Chef’s Table (hint: look under the table)

chefs-tableChef’s Table. Produced by David Gelb, Andrew Fried, et al. Boardwalk Pictures, City Room Creative, FINCH, 2015.

Genre: docuseries (cooking…and so much more)

Summary:The promoters and producers would have you believe that every episode of Chef’s Table profiles one of the world’s leading chefs for 45-55 minutes accompanied with pleasurably slow, sensuous, sumptuous shots of gourmet cuisine. And on the surface (dare I say, on the tabletop), that is entirely true. The other crucial aspect featured in every show exists under that surface and feeds a powerful extension of creation, much as nitrogen, roots, humus, and earthworms feed the organic bounty of the globe!

Critique: This show boasts a quiver of assets. Its tone is elegant, backed by sexy food montages soundtracked with classical music. Its cast of top chefs truly are geniuses and savants. Its topics are sophisticated at intelligent: ethical food supply, cultural restoration through food diplomacy, food as interpretive music, dance, even fairy tale! In short, this is not a show for folks who want to just “Netflix and chill.” It is too compelling to just be background ambiance.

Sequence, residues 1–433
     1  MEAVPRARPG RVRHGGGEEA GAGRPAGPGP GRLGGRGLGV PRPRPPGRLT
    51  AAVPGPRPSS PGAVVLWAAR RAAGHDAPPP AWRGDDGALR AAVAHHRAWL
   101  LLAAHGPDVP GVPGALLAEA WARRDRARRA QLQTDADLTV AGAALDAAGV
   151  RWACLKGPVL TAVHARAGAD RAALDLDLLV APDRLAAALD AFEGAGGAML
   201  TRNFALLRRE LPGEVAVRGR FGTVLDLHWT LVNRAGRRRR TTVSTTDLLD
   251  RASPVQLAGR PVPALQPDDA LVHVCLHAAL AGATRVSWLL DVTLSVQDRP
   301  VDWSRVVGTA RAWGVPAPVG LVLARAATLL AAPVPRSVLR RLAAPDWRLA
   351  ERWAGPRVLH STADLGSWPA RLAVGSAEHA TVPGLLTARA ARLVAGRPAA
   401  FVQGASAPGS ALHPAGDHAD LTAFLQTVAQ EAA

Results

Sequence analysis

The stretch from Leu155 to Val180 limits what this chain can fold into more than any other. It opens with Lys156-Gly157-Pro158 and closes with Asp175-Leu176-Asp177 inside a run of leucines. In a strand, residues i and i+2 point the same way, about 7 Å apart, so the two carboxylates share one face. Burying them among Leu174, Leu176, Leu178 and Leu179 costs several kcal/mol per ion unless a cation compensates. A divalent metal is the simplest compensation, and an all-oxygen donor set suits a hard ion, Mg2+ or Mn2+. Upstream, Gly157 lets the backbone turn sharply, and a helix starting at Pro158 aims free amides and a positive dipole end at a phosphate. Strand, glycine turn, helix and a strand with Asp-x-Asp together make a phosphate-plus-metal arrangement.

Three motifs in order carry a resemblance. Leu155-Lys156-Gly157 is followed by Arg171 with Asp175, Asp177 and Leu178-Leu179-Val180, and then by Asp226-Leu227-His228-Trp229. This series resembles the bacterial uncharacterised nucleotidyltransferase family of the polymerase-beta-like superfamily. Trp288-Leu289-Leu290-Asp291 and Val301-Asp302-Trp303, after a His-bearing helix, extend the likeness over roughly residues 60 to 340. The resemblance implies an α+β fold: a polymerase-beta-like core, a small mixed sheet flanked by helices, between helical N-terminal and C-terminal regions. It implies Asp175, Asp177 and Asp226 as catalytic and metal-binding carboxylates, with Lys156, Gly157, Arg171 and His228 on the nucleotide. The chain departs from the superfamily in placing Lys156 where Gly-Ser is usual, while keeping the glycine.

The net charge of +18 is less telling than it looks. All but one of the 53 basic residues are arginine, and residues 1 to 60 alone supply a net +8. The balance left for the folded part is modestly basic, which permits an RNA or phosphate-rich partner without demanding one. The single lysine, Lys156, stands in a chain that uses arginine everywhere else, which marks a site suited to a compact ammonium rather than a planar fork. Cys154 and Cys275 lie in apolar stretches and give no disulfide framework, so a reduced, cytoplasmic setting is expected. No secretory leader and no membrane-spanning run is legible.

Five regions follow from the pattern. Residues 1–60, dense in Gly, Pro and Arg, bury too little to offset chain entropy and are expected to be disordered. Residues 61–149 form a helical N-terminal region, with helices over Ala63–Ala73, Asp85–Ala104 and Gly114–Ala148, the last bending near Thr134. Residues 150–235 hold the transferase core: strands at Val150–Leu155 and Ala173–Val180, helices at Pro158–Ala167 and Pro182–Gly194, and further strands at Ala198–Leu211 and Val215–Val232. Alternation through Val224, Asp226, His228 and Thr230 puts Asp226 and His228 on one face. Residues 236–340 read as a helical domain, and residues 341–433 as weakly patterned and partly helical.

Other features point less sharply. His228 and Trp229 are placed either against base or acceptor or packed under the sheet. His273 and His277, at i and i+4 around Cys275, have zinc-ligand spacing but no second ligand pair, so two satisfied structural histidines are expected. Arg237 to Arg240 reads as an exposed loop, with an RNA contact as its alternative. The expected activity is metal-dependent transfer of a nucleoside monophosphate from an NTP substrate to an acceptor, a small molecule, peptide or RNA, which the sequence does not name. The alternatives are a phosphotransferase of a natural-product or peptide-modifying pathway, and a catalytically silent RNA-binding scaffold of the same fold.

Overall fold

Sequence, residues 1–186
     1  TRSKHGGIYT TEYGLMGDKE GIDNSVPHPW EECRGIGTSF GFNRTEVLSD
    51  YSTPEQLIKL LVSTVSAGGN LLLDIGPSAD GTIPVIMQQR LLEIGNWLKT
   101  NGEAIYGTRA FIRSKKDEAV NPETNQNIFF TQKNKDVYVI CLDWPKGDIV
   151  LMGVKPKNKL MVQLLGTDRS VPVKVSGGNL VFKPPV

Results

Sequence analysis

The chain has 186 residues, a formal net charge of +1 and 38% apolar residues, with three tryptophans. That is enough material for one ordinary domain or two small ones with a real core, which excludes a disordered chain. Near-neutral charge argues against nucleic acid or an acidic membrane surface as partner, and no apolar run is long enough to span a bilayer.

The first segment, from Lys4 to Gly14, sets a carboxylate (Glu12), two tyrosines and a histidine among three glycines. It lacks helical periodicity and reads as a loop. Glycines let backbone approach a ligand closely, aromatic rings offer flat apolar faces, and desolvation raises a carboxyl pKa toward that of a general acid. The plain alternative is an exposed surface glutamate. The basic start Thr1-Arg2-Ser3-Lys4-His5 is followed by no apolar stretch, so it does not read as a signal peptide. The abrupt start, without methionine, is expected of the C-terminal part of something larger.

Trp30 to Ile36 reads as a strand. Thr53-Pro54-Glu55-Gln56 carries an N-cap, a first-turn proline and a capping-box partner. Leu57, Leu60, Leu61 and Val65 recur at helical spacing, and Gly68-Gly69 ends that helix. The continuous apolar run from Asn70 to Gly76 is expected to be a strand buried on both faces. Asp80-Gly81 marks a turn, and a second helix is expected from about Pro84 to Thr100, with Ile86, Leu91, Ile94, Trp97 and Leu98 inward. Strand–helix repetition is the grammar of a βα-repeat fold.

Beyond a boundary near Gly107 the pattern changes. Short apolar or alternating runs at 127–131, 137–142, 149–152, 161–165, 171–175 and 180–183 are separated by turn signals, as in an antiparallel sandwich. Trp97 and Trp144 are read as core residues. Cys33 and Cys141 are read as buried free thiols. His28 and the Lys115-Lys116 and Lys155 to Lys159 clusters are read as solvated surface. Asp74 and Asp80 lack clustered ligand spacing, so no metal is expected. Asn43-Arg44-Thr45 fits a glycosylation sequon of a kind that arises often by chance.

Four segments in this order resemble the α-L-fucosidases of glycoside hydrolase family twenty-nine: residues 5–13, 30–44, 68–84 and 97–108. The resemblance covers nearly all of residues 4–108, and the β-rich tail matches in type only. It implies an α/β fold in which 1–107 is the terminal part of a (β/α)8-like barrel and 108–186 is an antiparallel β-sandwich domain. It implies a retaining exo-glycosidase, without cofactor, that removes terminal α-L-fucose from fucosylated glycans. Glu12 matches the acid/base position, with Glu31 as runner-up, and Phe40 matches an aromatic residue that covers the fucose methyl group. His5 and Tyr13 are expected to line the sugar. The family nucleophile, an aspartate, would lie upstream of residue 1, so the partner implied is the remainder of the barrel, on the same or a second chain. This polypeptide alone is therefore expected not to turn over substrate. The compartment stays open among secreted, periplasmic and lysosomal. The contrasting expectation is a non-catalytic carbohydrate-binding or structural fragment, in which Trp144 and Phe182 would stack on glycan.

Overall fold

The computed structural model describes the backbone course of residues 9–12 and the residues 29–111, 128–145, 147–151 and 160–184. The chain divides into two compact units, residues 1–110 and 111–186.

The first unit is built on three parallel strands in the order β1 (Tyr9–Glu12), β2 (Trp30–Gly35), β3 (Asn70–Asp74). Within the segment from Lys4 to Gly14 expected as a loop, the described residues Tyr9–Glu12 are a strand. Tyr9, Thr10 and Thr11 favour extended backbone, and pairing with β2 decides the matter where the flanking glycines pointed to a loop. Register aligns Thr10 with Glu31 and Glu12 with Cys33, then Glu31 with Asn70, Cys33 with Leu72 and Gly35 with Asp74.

nature-as-artist

“Nature as an artist-2” by zeeveez.

Also, I’d wager there are few amorous partners out there brash enough to compete with the sinful delectables served up on the show!

The core ingredient that really sizzles across every episode — and the reason why I am featuring it in the place of a recommended book — is its subtext. That which is happening under the tablecloth.

Writing students would do well to study how most of the episodes talk on the blatant surface about one thing, while showing, hinting at, suggesting, enlightening another message deeper down. Many budding writers have a hard time with subtext. They struggle to notice it, let alone reproduce it. But subtext is essential to good storytelling because it invites the reader (or viewer) to participate with the text, rather than passively witness.

In a quickndirty example of subtext, I always point to the glorious scene in The Incredibles (2004), when the AI monster ball is shredding through the city. Frozone is ready for action, opens the secret compartment where he keeps his super suit only to find it missing….